When my son was born, a female colleague said to me, “You must be thrilled you finally have someone who can take over the company!” This wouldn’t have been a problem, except I already had two daughters. Why couldn’t one of them take over?
But what I’ve realized is that it’s not that simple. Women are still fighting for what they should have had hundreds of years ago: equal opportunity. And they’re more at risk now than they have been in decades.
From a business perspective, excluding women just isn’t smart: having women in leadership roles boosts a company’s bottom line. Yet women hold only 19% of c-suite positions and men are likelier to get certain jobs for a variety of reasons.
Tracey Swain, Kerrie Shakespeare, and Barb Agostini are all members of O2E Brands' leadership team. Photo by O2E Brands.
I don’t know what my kids want to be when they grow up — it doesn’t matter as long as they’re happy and healthy. When I imagine their futures, I see them having all the opportunity in the world without discrimination standing in their way. But from what I’ve seen lately, there’s a long way to go.
As American politics enter this uncertain phase, I think it’s important my daughters — and my son, for that matter — understand how to navigate gender issues in business. At O2E Brands, we have women who are killing it on the leadership team. So I turned to three of them for advice.
Barb Agostini, Vice President - Partner Development
Do not let ‘being a woman’ be your angle. Be the best at what you do, be transparent about what you bring and who you are, and demonstrate why you’re most deserving of the role. In short: make gender irrelevant.
If it’s a company worth being a part of — a company that’s growing, innovating and doing remarkable things — being a woman won’t impact your ability to get ahead. If you find yourself blaming your gender for your inability to advance, make sure that’s the true reason. And if it is the reason, bring your awesome elsewhere.
Kerrie Shakespeare, Vice President - Communications & Alignment
More times than I care to admit, it’s been assumed at off-site leadership meetings that I’m the assistant. It’s disheartening that just because I’m a woman, they assume I’m not an executive. Luckily, I've always felt supported and respected by my O2E Brands colleagues who jump in quickly to set the record straight.
In business, women are constantly having to prove themselves — especially in male-dominated industries. Here are a few tactics that have worked for me:
Don't be the one who takes the notes, makes coffee or gets lunch if it's not your job.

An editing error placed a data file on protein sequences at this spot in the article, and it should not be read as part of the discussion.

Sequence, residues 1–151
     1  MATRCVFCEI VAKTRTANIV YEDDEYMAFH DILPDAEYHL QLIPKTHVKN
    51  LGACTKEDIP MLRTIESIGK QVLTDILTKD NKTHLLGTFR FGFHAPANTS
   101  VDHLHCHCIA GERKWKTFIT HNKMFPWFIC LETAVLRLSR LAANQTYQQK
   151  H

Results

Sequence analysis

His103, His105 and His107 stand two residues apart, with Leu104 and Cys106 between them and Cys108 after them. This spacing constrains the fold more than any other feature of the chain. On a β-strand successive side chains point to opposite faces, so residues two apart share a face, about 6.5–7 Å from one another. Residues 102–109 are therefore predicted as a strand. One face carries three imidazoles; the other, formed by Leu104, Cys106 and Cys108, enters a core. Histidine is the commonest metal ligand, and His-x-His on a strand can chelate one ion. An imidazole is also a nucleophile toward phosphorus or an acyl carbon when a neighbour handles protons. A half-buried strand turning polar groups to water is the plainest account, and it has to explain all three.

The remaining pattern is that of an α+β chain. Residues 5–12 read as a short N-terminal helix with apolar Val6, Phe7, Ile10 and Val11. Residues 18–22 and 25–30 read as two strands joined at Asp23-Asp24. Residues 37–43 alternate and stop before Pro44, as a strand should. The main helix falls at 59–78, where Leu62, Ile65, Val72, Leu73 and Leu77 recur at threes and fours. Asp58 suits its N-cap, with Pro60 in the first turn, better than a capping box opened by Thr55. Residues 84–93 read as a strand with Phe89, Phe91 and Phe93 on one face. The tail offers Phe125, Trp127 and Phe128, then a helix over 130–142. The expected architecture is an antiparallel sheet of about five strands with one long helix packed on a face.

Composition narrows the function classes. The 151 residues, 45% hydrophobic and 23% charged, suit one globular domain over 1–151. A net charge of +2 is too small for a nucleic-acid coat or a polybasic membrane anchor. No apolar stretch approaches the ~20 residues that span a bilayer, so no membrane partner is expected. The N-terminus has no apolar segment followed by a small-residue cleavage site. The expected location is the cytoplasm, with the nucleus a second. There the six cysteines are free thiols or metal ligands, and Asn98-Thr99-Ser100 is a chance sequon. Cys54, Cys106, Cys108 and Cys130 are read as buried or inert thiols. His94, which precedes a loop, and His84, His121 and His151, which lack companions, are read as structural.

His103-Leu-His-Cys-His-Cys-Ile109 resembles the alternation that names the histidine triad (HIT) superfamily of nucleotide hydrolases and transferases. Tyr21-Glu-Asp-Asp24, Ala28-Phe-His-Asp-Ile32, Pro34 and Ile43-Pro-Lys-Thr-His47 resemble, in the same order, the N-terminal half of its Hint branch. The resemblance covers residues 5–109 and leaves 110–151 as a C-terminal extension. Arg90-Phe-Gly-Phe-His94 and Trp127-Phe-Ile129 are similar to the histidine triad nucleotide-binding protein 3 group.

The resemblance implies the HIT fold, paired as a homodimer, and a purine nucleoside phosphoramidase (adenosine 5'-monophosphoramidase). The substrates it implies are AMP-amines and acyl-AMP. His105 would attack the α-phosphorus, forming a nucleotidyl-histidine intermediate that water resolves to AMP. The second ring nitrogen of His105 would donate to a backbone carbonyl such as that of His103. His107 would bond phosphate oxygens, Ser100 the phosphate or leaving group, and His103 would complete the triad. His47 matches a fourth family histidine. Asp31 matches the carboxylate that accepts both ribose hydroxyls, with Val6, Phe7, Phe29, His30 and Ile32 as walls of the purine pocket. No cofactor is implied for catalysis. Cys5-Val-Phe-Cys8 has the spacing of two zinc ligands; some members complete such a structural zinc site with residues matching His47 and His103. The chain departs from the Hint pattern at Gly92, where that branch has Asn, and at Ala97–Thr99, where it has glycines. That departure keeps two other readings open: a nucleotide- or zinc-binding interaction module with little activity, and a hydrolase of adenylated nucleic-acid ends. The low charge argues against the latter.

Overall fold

Don't sit on the sidelines — seize every opportunity and be an active part of the team.
You have a voice. Use it.
There is absolutely no doubt it’s harder to access opportunity as a woman. Smashing the glass ceiling isn’t just about earning respect, it’s also very dependent on what you want in life. If you decide to have a family, expect a harder road because outside of being a powerhouse at the office, you have another full time job as mom.
I really believe that women can have it all — but it doesn’t come easy.
Tracey Swain, Chief Financial Officer
My advice for women in typically male-dominated industries is to connect with the men in the company just as much as the women. We need to (as much as possible) take gender out of the equation. There have been times during my career where there was a possibility that actions or decisions were biased, but I never let it impede my progress. I am fortunate to have been supported in my career advancement by both male and female supervisors and influencers.
I have come across men and women who are not used to reporting to a woman — in many cases, working with me may be the first time they have been in that situation. But mostly, I’ve found that the companies I have worked for are glad to have a woman join their senior leadership. They were seeking the best person for the role.
Be The Change
Despite having brands in four male-dominated industries, I’m proud that O2E Brands hasn’t grown around a male-dominated culture. Men and women are represented at every level of our company — from truck teams to C-suite and every department in between. Our policies apply to everyone, not just to men or to our leadership team: every employee gets up to five paid weeks off every year, full extended benefits, access to profit sharing, and all new parents get equal leave.
Equal opportunity isn’t a priority for us, it’s a given — it’s so ingrained in our culture that we don’t give it a second thought. By building a team of people all aligned towards the same vision, we organically created a gender-neutral company. We’re passionate people who can see beyond the bias — and I know my children will be the same, whatever path they choose.